Pilot Party Plan Implemented on A Permanent BasisBy Frank Dabek
A decision to make permanent last spring's pilot program governing all large, late-night parties will mean that all such events will continue to be reviewed on a individual basis and that there will be an outright ban on parties at Walker Memorial.
The pilot plan - which permitted large parties on a case-by-case basis only - was implemented in the spring following the shooting of a Northeastern University student at a party at Walker last December.
Walker was banned as a place for large, late-night events because it is "a very, very difficult facility to secure," said Chief of Campus Police Anne P. Glavin. Securing all of its entrances and exits would require "a small army," she said.
"There is a limit to our people resources," Glavin said. Such duty would leave CPs "stretched far too thin."
About 32 events were scheduled for Morss Hall at Walker, said Associate Dean for Residence and Campus Activities Margaret A. Jablonski. About 25 were moved to other locations which are more easily secured like the Student Center.
However, a series of events for the Sloan School of Management that has been granted an exception.
Even though the Sloan events draw more than 250 people, because there are cultural presentations and faculty attend, providing what Glavin called "adult supervision," the parties were allowed to be held at Walker.
"Almost all of the scheduling problems have been resolved," said Dean for Student Life Margaret R. Bates. Four or five events, however, could not be accommodated. Among these is a dance in December organized by Gays, Lesbians, Transgenders, and Friends at MIT.
Pilot program permanent
Administrators were content with the results of the pilot party program and made the decision to continue it indefinitely.
The "pilot program is no longer a pilot," Bates said. "We were very pleased with the pilot program."
Glavin said that they had "gotten a lot of the kinks out of the program."
Administrators "tried to be flexible" when deciding what parties would be allowed, Glavin said. Bates said that she would try to work with groups to re-schedule or redefine their events to prevent cancelation.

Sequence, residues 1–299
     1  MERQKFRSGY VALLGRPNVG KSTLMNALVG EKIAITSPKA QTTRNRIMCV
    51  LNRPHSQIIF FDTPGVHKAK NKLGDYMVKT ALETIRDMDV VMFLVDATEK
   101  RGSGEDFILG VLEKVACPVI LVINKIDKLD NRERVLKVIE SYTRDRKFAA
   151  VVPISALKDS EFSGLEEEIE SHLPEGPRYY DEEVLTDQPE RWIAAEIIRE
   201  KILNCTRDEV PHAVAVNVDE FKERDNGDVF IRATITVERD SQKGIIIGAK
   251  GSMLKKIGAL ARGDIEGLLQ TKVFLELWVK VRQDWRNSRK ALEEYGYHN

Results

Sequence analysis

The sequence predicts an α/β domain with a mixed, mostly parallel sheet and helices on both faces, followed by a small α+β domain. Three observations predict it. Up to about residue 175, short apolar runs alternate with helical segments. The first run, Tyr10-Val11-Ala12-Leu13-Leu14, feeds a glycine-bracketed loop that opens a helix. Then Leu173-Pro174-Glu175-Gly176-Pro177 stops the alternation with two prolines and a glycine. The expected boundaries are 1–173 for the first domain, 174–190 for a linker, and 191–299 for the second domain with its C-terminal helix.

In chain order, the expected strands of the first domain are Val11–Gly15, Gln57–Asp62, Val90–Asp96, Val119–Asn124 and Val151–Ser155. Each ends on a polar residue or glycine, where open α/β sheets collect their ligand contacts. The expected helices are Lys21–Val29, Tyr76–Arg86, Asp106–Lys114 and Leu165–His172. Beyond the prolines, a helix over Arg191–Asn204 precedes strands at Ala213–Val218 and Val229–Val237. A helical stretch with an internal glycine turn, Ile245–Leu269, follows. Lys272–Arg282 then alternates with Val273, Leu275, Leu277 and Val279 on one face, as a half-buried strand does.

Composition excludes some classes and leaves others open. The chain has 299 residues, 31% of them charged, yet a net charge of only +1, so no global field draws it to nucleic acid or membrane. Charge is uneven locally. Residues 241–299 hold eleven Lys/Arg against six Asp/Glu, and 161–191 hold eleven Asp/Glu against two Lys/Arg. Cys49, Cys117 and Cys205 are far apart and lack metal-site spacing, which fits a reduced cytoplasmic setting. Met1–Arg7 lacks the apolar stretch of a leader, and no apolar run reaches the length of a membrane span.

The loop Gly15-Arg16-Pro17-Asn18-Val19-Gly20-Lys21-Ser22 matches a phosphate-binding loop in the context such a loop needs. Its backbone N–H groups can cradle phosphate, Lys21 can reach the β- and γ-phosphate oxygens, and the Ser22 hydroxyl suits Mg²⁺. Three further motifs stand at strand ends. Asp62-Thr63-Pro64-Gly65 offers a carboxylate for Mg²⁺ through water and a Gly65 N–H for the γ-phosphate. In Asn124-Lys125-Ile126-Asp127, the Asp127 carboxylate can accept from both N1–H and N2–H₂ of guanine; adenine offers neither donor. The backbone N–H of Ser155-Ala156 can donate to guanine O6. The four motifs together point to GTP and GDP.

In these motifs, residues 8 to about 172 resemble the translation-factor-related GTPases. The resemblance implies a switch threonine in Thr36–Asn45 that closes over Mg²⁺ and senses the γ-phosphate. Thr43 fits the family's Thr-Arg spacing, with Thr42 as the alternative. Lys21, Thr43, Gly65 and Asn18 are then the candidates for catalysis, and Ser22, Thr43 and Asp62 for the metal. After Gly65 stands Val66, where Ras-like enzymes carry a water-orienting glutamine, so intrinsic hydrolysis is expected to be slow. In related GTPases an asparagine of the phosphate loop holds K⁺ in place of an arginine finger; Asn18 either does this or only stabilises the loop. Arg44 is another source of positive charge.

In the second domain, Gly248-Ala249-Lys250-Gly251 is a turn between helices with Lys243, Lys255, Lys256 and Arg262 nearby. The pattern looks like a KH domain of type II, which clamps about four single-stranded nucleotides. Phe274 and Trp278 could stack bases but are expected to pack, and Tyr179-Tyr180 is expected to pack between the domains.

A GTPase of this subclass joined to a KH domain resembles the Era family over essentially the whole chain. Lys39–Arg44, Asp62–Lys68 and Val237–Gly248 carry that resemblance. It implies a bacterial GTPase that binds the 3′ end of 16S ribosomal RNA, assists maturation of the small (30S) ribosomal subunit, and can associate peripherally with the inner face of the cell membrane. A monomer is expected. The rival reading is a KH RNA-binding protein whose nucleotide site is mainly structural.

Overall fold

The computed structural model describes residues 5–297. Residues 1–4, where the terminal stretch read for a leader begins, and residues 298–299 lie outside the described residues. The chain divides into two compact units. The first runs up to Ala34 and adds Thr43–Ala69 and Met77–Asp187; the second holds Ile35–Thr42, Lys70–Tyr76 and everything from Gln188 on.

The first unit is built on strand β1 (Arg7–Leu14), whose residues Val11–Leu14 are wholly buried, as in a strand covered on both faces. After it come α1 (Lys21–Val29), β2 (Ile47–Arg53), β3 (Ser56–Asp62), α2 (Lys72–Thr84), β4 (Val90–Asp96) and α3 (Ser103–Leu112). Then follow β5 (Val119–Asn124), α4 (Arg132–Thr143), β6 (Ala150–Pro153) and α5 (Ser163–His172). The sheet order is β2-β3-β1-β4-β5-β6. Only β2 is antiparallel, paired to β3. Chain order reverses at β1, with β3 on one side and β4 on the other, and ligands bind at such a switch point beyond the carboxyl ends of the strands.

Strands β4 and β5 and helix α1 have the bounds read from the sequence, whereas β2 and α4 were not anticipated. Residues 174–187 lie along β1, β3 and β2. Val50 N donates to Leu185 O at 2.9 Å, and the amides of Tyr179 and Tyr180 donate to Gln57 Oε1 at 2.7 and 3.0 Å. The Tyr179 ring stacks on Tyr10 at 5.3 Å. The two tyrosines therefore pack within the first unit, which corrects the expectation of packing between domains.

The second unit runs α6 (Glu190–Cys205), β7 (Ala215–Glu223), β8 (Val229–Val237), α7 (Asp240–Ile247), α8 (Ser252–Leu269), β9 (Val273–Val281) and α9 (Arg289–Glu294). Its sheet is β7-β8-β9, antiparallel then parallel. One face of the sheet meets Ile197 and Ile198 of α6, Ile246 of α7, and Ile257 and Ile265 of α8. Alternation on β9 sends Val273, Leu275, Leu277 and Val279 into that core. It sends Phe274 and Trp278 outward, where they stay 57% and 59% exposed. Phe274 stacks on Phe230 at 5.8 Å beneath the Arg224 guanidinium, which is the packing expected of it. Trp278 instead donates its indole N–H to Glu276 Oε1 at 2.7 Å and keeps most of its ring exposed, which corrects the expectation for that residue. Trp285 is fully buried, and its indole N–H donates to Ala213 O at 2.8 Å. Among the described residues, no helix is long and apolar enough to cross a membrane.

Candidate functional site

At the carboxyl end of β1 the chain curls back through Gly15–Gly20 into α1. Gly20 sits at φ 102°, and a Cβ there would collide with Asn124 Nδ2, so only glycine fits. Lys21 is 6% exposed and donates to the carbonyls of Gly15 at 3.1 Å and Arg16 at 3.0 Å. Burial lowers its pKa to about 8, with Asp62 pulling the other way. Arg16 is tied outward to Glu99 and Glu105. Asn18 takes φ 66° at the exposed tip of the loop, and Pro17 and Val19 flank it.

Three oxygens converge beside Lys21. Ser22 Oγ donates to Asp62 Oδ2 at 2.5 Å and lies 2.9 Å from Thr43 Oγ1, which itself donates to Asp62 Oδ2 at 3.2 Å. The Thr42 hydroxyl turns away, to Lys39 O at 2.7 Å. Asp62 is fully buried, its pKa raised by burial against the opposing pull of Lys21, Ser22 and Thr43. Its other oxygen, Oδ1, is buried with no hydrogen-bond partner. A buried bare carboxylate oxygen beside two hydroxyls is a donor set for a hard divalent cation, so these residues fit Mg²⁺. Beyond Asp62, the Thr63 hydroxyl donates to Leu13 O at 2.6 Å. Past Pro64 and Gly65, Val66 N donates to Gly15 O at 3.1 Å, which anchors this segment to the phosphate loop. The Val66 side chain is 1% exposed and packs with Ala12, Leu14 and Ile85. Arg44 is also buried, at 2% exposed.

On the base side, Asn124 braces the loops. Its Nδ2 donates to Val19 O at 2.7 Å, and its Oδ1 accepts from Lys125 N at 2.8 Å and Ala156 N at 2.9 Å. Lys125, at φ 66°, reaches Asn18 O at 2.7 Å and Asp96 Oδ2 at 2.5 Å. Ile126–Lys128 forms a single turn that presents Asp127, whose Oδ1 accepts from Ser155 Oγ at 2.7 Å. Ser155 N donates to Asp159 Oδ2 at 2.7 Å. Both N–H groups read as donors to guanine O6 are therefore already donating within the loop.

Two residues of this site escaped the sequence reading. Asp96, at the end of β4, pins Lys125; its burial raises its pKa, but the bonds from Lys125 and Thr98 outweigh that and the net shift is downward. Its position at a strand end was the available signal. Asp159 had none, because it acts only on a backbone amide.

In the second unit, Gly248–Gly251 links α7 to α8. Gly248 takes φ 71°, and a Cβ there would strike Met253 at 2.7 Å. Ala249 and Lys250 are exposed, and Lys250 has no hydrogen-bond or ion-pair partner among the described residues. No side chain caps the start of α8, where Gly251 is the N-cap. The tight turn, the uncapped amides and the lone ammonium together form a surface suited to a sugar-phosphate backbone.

In addition, no more than two parties requiring metal detectors may be held in one night. Events that are large and late at night and have alcohol and non-MIT at them usually require metal detectors. Glavin said the limit of two such parties per night was enforced because of limited manpower and resources.
It "is not clear how much of a limitation" this would be, Bates said.
So far, there has not been a night for which three groups have requested a metal-detector event, Jablonski said.
Student input in policy scarce
Doug K. Wyatt G, president of the Association of Student Activities, was the only student consulted in the decision and said that he was "asked for input" during the initial formulation of the pilot.
Even so, Wyatt said security was "a trump card they play pretty often."
"Some of the restrictions areŠ a bit reactionary and unnecessary," he said.
While the pilot program is in place now, it will be reviewed at the end of each term, Bates said. The plan may also be affected by a report by the co-curricular re-engineering group.
The report will be released sometime during the fall but "we knew that we needed something in place for fall," Bates said.
Even though the policy regarding parties could be changed by the re-engineering report, "unless they have the money to do the kind of renovations we want" at Walker - like securing doors and windows - it is unlikely that the facility will become available for large parties, Bates said.